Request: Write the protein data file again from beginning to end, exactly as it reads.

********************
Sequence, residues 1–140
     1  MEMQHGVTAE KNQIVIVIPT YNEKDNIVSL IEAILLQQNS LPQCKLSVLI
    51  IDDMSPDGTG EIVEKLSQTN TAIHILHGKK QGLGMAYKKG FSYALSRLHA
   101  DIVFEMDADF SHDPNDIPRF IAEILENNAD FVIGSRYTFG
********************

Sequence, residues 1–140
     1  MEMQHGVTAE KNQIVIVIPT YNEKDNIVSL IEAILLQQNS LPQCKLSVLI
    51  IDDMSPDGTG EIVEKLSQTN TAIHILHGKK QGLGMAYKKG FSYALSRLHA
   101  DIVFEMDADF SHDPNDIPRF IAEILENNAD FVIGSRYTFG